Wednesday, September 12, 2007

Rosh Hashanah musings in the middle of the night

I don't know what it is about Rosh Hashanah eve, but it seems that all this reflection and awe of the annual Day of Judgement and Remembrance puts me in the mood to write, and seems to give me a little more clarity than usual, well, at least it seems that way at 2am.

I put it down to all the extra time in the kitchen - just me and my thoughts, and a routine of traditional dishes to cook surrounded by sweet spices and honey. My hands do the work while my mind wanders off in a cloud of cinnamon, cloves, cardamom and cumin.

A lot of folks and a lot of cultures relate to the New Year more as a time of partying and celebration, and I guess there is something of that tension in Rosh Hashanah. Yes. it is a festival with special delicious sweet foods, a time for family to be together, a time to welcome the New Year with joy and special treats.

More than that though it is a time for stock taking of the soul, for reflection and sincere soul searching. Not for nothing we blow the shofar, the ram's horn, during the long, extended Rosh Hashanah synagogue services. It's stirring, jarring sound is meant to shake us from the reverie of routine, to remind us that the time is now, Rosh Hashanah is already here, wake up, look within you, make the change, seize the day for new beginnings, for being a better person, for repairing the error of your ways.

This is also a time for forgiveness with no questions asked, a time when we are commanded to go to our friends and family and sincerely apologise for the hurt that each one of us has caused, whether unintentionally or in a rash moment of anger or thoughtlessness. For old friends to renew neglected contacts and those who have feuded or grown apart to seek reconciliation and restore friendships.

Not for nothing is this time in the Jewish year called the Days of Awe (Yamim Noraim). Jewish tradition holds that the world was born on Rosh Hashanah. In the Rosh Hashanah prayer service there is the phrase "Today is the birthday of the world, today all the creatures of the world stand in judgement".

Another traditional Rosh Hashanah prayer describes how all the world is judged by God on this day, passing before Him like sheep, one by one. We pray that all will be inscribed in the book of life, that our good deeds will be found to be as numerous as the seeds of a pomegranate, and yet we know, that as people, we are imperfect, we are not good at suppressing that evil inclination which makes us, even the best and holiest of us, do wrong. And so we also pray that if our merits are in short supply, at least we can fall upon divine mercy.

True repentence, prayer and tzedakah (charity and justice, depending on how one translates it) can help. It is not that they pacify God, it is that they make us better people, make us refocus our lives to fulfill the divine commandments to emulate God's mercy and kindness. That, after all is Rosh Hashanah. To make us take a step back from the humdrum routine and improve ourselves, so that we might do our part to make this troubled world a better place.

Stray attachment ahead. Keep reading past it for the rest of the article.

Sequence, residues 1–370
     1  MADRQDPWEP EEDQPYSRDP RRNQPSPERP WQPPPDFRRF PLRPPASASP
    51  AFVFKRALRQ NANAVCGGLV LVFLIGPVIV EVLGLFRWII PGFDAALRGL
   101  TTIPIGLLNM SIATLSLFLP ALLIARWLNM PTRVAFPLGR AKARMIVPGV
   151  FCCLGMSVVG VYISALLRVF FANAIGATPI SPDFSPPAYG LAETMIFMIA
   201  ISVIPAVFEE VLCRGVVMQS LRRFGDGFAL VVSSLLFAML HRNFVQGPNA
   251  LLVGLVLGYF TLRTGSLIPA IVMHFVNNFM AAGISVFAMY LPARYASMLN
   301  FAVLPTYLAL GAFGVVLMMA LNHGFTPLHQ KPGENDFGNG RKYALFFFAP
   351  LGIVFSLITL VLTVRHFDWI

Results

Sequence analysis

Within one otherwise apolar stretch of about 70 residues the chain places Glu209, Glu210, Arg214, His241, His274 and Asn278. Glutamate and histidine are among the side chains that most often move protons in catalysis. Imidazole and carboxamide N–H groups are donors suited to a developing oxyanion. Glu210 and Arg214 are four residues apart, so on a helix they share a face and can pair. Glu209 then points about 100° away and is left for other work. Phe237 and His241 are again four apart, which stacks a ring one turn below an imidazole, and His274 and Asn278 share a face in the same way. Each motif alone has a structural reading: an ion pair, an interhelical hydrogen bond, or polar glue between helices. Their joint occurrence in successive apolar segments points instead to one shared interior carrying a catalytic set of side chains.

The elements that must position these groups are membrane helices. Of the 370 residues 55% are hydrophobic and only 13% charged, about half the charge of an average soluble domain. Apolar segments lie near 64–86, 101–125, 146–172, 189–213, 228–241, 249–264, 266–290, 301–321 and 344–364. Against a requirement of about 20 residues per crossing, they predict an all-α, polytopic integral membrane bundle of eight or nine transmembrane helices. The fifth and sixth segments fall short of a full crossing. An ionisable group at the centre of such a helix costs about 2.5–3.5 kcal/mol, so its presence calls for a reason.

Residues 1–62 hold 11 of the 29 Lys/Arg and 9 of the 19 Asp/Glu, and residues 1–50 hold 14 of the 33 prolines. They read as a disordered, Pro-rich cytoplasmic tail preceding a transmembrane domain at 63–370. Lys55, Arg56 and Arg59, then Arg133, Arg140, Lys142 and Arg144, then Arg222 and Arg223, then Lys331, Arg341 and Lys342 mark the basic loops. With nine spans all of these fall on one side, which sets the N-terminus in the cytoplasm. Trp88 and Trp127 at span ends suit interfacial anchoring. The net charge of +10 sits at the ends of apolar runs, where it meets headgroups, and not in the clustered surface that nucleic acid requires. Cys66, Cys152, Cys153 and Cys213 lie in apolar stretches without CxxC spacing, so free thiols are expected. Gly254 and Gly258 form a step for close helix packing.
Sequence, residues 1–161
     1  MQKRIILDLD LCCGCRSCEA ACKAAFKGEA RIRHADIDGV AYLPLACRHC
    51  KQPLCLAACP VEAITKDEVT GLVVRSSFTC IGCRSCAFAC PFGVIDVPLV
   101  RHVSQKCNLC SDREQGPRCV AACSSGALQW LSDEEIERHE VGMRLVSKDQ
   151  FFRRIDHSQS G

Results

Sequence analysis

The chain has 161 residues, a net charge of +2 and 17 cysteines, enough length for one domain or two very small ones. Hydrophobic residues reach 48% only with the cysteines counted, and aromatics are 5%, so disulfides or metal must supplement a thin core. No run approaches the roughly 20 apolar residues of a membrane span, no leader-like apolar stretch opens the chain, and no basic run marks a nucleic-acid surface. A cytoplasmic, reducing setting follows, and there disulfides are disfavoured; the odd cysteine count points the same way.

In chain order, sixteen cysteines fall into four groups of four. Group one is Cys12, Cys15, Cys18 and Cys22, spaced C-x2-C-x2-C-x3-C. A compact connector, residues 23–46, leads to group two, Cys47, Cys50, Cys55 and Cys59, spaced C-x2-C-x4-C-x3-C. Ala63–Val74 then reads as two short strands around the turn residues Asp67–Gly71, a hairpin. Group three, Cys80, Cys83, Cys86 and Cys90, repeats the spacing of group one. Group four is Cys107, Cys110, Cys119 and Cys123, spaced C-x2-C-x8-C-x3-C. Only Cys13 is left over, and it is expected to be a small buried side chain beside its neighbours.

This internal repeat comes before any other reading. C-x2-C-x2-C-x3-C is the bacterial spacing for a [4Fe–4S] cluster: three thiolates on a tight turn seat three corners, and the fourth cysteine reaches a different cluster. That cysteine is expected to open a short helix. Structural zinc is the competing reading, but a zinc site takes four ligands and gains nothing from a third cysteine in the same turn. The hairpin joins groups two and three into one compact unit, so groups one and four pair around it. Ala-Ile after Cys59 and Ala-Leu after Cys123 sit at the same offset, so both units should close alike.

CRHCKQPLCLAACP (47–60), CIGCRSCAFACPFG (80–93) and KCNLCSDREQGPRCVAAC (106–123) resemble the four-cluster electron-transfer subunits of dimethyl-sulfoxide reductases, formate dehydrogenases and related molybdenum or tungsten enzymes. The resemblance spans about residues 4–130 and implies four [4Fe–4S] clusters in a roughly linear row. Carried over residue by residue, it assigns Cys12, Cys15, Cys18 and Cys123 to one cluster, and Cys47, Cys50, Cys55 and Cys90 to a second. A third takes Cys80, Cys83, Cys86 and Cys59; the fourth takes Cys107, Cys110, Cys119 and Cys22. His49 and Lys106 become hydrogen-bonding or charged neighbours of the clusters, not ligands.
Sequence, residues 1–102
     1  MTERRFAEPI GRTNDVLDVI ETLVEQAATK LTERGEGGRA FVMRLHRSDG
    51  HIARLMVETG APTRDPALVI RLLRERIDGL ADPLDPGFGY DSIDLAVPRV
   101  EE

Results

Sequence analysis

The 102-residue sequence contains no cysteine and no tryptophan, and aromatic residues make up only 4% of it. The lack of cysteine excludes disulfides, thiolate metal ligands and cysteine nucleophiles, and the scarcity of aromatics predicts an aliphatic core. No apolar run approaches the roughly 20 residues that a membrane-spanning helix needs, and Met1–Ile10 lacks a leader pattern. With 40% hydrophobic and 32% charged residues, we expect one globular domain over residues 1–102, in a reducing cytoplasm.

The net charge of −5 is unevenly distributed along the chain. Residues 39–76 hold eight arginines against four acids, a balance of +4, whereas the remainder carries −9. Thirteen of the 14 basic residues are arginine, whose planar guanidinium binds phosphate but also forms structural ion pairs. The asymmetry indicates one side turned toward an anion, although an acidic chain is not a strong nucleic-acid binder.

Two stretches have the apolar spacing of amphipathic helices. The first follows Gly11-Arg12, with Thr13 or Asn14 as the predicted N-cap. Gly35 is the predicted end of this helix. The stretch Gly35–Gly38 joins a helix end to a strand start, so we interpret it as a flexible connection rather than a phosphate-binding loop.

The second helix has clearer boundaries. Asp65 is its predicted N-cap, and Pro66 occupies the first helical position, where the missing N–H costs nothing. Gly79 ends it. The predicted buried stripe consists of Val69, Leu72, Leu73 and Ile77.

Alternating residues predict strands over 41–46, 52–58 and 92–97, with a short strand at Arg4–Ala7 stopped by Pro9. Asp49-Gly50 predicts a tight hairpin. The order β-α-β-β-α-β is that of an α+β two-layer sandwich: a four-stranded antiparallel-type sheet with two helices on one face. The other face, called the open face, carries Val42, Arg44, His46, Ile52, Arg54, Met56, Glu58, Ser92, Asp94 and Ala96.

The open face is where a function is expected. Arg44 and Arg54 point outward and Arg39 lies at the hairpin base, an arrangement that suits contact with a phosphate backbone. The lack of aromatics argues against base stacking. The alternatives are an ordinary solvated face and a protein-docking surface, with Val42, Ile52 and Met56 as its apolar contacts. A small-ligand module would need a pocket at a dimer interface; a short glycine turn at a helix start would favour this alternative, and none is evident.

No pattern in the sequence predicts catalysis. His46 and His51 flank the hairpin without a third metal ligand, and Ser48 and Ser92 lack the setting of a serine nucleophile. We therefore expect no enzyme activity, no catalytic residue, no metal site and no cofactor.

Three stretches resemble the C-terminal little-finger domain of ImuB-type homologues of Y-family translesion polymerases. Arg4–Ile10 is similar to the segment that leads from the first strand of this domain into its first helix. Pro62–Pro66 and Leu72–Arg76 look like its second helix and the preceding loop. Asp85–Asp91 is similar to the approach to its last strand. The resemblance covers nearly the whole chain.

God judges us, but the free will that He gave us also means that it is up to us as well, and whether we take the experience of Rosh Hashanah and use it to truly start afresh and make a positive difference in the coming year.

Look back over the last year, cast your gaze around the troubled globe and tremble at how much can happen in 12 months. Look forward and tremble for what may yet come.

There is nothing like living in the Middle East to add extra sincerity and dedication in one's prayers, I imagine that living on the slopes of a volcano might induce a similar degree of piety. A glance at the headlines from the last week of the year is enough to focus anyone's prayers.

Hard to believe that a year has gone by since last summer's war and aftermath. For Israelis, more than ever, it was a year of soul searching, of the Winograd inquiry into the how the war was conducted, of questioning whether we have lost our way, or whether Israeli has lost that spark that has saved our nation time and time again.

A year has passed an still on a national level it seems that things have stood still. The same government is still in office, despite Winograd, despite protests. Kassams continue to rain down on Sderot and the north-west Negev and the government continues to make uncertain noises in response. Tension with Syria remains, a little heightened, but last summer wasn't exactly calm. The tension over Iran's intentions remains. Lebanon still teeters on the brink of more civil unrest. Yes sir, the synagogues should be extra full this year.

And yet, and yet, somehow living on the slopes of the volcano we take all this in our stride. We have faith that somehow we'll work our way out, muddle through, however incompetent our government seems, however much the odds seem to be stacked against us.

May we all be inscribed in the book of life, for health, for happiness and for peace.

Shana tova.